“I just abandoned my kids,” she says. Her voice sounds strange. I shoot her a quick look, but the road is narrow and curved, and I can’t spare much focus from keeping the SUV on the road. “Left them with . . . strangers.”
“They aren’t strangers,” I say. “Come on. You know they’re good people. They’ll do everything they can to keep the kids safe.”
“I should have stayed with them.” I can tell that she’s aching to ask me to turn the car around. “I just want to take my kids in my arms and never let them out of my sight again. I’m terrified . . .” Her voice fades out for a few seconds, thin as fog, then comes back stronger. “What if I never come back to them? What if they’re taken while I’m gone?”
She sounds so shaken that I pull the SUV off on the shoulder, in the blue shadow of trees. “Do you want to go back?” I cut the engine and turn to look at her. Not judging, but worrying. If this is going to work, I need to be sure that she’s up to it. I won’t blame her if she isn’t, but deep in my heart I know I have to go, with or without her. Melvin Royal is out there, and he’s going to come for Gwen, and those kids. This used to be about revenge for me, about getting justice for my sister, Callie, but now it’s something more.
“Of course I want to go back,” Gwen says, then takes in a deep breath. “But I can’t, can I? If I don’t fight for my kids and protect them now, how can I ever look them in the eyes again? He’s going to come for them. And I need to be in his way when he does.”
Gwen’s all raw pain, wired in place with steely control. Looking at her, you’d never doubt that she means what she says. And I don’t, not about Melvin Royal. She will face him head-on. And she won’t run.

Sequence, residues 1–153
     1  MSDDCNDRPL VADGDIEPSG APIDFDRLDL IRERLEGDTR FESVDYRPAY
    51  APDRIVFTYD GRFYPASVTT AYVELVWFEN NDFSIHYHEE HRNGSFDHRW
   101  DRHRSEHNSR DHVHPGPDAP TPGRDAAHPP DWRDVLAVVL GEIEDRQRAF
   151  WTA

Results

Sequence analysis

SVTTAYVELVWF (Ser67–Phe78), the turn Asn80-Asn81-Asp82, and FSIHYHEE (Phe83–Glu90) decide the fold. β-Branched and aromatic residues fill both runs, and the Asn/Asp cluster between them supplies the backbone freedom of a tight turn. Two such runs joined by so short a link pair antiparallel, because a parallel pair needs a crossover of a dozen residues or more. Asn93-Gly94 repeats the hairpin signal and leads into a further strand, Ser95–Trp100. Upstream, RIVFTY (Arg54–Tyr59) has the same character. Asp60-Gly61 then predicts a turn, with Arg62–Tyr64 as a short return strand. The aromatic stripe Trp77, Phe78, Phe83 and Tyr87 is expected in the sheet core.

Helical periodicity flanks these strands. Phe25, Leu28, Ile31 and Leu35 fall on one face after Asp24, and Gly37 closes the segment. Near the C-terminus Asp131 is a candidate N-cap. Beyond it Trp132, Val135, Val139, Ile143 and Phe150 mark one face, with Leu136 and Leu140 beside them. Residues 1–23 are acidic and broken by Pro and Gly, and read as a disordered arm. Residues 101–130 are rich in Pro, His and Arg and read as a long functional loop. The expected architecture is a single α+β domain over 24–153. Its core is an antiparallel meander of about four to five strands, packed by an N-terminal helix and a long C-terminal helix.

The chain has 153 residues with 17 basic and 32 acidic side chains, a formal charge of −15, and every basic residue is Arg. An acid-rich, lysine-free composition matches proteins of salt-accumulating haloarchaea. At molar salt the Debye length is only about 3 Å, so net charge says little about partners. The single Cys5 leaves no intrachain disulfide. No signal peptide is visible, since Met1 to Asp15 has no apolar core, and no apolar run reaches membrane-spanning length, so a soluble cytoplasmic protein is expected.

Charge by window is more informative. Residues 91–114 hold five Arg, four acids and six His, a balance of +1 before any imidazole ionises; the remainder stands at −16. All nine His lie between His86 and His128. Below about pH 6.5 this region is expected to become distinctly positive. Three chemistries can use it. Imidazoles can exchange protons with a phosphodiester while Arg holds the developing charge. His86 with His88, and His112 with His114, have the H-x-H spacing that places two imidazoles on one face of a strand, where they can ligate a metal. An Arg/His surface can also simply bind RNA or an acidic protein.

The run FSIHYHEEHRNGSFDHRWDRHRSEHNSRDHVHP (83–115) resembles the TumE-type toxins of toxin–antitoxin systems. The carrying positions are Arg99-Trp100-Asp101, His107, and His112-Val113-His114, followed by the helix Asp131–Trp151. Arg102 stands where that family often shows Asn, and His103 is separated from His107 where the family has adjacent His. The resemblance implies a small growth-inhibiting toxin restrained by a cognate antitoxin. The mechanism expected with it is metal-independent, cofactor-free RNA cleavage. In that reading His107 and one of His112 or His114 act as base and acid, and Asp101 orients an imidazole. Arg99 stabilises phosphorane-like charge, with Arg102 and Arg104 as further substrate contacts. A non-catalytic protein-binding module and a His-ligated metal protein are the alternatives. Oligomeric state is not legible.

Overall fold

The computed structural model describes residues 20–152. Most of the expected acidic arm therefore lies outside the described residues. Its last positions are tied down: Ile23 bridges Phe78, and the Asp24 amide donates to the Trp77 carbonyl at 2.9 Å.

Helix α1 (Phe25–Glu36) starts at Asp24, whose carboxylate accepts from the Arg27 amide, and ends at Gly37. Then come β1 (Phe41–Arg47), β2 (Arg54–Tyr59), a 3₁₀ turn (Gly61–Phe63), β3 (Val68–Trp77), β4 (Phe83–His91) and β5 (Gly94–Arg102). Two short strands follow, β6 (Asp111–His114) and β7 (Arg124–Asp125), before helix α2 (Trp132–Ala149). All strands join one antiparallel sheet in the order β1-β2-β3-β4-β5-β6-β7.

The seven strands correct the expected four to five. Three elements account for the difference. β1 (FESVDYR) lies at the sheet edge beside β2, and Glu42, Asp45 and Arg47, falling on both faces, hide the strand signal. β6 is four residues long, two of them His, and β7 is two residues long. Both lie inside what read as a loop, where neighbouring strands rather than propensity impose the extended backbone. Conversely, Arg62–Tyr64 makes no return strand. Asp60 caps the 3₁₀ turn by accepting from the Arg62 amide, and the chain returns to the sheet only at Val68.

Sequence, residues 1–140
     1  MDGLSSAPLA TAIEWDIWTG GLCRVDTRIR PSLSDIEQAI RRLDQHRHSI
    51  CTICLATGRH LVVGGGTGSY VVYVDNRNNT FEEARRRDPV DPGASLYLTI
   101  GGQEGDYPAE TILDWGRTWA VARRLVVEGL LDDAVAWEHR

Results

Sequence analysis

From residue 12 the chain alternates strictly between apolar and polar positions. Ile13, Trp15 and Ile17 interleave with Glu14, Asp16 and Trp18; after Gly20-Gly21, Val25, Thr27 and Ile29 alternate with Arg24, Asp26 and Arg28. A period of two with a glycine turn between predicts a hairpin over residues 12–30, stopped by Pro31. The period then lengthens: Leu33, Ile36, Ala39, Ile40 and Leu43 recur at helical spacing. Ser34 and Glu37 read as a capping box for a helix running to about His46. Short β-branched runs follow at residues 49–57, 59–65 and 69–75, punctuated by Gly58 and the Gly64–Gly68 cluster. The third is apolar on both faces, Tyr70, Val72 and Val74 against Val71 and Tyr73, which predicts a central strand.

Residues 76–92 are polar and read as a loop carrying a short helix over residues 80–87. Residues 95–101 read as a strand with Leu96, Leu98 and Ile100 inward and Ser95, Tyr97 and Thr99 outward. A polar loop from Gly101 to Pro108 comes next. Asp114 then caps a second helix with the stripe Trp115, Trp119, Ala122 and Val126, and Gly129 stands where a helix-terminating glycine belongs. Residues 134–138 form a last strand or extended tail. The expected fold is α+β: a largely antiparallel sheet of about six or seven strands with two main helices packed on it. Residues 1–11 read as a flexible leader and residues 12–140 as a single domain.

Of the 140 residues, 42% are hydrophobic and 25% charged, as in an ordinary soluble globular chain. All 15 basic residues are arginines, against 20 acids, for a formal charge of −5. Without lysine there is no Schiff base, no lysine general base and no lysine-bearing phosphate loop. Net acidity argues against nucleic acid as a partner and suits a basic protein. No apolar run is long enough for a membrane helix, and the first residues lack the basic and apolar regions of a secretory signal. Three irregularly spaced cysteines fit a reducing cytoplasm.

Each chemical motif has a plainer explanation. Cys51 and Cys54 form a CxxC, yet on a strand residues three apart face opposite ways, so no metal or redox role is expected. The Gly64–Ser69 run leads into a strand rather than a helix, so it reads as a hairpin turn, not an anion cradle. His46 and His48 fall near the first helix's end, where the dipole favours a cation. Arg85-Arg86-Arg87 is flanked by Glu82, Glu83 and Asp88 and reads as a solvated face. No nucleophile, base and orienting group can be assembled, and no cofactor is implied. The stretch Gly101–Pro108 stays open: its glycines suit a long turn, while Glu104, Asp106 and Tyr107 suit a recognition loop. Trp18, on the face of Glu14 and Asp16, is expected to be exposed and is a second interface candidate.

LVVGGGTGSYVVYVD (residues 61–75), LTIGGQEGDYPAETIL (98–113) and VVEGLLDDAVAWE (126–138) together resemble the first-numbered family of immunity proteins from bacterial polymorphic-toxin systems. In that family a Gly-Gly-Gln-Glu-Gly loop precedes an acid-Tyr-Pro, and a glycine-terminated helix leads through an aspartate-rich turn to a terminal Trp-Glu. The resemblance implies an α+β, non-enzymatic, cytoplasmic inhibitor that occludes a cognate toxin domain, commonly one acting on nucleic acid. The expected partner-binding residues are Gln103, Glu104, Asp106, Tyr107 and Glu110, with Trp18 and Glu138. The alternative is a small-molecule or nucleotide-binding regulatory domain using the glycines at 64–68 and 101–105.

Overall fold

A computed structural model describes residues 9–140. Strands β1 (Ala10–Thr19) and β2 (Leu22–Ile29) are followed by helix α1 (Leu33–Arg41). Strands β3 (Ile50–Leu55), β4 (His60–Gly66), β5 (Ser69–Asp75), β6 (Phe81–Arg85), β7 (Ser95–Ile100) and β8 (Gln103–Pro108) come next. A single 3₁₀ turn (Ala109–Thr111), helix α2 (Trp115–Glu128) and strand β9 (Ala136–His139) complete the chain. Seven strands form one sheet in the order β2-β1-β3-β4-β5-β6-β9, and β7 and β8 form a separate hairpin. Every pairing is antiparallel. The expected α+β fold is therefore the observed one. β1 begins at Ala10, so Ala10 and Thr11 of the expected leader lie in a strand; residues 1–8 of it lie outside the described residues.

“We’re going to kill him,” I say. It isn’t dramatic, and it isn’t a question. “We understand each other, right? We’re not in this to find him and call the cops and put him back in jail. The man will keep hurting you any way he can for as long as he lives. And no way am I letting him go on doing that.”
I don’t mean to betray that much, but there it is. If I feel love for this woman, it’s a harsh kind of love, dangerous to both of us until the ghost of Melvin Royal is finally put to rest.
“Yes,” Gwen agrees. “We’re going to kill him. It’s the only way to be sure the kids are safe.”
I nod slowly, then give her a smile. The one that answers me is grief and guilt and apology all together. “I have to confess, I never thought I’d be talking about becoming a straight-up murderer. Funny the things you learn about yourself, when you’re pushed.”
Gwen puts a hand on my arm, and I feel it through the cloth, hot as a brand. I let go of the steering wheel and slide my hand into hers. Our fingers twine. We don’t say anything for a long, long moment, and the peace of the wild country road, the trees, the distant call of birds, is so far from the darkness inside that it feels like another world away.
A ringing cell phone shatters the silence, and we both go for our pockets. “Mine,” I say, and because I recognize the number that shows up on the screen, I answer. “Hey, Mike. What’s up?”
“The hell you think is up, Sammy, I called you to shoot the shit? Business, son. I got a couple of leads on possible Absalom members. You want to take one?”